Since I was I was introduced to UX Research in 2015, I have annually attended the World Information Architecture Day conference in Los Angeles. Over the years, the conference has leading UX professionals including Nate Bolt, Jaime Levy, and Chris Chandler. However, in 2018 I decided to travel to San Francisco for the conference to hear different voices speak on projects I was unfamiliar with. More specifically, I wanted to see what differences, if any, existed in the research approaches used by UX professionals in the Bay Area compared to those in the Los Angeles area. I also wanted to take advantage of an opportunity to connect with the Bay Area UX community to better gauge if a move was necessary to advance my career.
The 2018 San Francisco iteration of World Information Architecture Day did not disappoint in helping me evaluate the differences between UX Research in the Bay Area and UX Research in the Los Angeles area. Based on the types of projects I’ve seen in Los Angeles, the biggest difference UX professionals in San Francisco demonstrated was their engagement with generative research. Each of the speakers presented on their attempts to understand the needs and expectations of the user, versus understanding the pros and cons of a design. At least half of the presenters discussed in-depth qualitative studies as part of their approach, as qualitative studies hold a great potential to produce new and innovative products.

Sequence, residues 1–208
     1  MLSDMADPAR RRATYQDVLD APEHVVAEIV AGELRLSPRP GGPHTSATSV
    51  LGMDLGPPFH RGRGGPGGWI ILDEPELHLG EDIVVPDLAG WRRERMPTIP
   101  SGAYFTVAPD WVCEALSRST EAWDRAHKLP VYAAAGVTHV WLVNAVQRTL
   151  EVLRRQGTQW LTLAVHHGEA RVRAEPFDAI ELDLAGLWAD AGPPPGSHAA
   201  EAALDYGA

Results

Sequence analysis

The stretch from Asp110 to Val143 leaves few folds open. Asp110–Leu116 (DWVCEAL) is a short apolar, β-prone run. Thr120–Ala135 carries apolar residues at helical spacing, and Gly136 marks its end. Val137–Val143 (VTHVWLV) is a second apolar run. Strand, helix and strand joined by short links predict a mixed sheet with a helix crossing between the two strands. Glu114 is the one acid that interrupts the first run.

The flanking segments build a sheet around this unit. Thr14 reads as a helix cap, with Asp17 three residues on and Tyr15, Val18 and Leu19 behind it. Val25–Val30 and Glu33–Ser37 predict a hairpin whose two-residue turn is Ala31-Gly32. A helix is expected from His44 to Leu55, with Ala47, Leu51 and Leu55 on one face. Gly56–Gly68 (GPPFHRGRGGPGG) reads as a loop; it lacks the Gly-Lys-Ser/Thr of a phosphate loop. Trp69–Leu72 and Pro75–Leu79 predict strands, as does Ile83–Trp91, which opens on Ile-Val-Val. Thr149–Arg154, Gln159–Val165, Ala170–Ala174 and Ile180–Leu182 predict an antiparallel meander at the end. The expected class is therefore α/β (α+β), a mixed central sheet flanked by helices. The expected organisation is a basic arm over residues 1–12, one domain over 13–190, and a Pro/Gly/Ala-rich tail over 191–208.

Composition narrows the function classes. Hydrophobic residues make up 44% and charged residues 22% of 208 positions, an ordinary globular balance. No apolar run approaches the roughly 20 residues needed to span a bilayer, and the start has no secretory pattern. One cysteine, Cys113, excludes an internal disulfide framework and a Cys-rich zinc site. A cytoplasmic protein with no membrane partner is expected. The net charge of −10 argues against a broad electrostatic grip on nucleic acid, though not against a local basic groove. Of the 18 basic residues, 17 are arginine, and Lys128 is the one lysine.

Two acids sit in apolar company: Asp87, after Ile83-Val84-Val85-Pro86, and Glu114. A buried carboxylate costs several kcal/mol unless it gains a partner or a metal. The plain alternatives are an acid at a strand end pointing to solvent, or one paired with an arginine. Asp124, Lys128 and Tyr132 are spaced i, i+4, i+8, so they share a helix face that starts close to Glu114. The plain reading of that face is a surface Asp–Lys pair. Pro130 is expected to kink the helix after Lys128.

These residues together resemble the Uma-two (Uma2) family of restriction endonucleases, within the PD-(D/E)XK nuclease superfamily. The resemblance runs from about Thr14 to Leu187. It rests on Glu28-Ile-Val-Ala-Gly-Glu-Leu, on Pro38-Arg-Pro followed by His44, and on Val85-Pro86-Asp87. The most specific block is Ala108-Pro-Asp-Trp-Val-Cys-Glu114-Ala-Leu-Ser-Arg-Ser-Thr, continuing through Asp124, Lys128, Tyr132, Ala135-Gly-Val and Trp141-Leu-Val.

In contrast to this, during my three years of attendance I’ve only heard a handful of UX professionals in Los Angeles discuss qualitative studies as a frequently used research method. At this point in the tech development of Silicon Beach, it seems as though UX Research is largely evaluative and exists to improve and validate products. That’s not to say that none of presenters at the Los Angeles WIAD conferences is performing generative research, as Jaime Levy has presented on the innovative work she has performed. Overall, the San Francisco conference showed me that people in the Bay Area are performing the type of work and research that I am most interested in. My first reaction after the conference was that a move was absolutely necessary to advance my UX career, but then the thought arose of further developing UX Research in Silicon Beach to reach the status of Silicon Valley. I’m at the crossroads of which approach to take, but this trip solidified my desire to engage with more generative and exploratory UX Research.
In the end, I would recommend traveling to WIAD San Francisco for anyone seriously considering a career in UX Research. Los Angeles is a good introductory version, and there is nothing wrong with it, but Silicon Valley is simply doing a lot more in-depth research and analysis which is used to create products that are shaping interactions across today’s world. However, I have no doubt the UX Research community in Los Angeles will eventually be performing the same type of work as their counterparts in the Bay Area, as the tech community in Silicon Beach is still young and growing.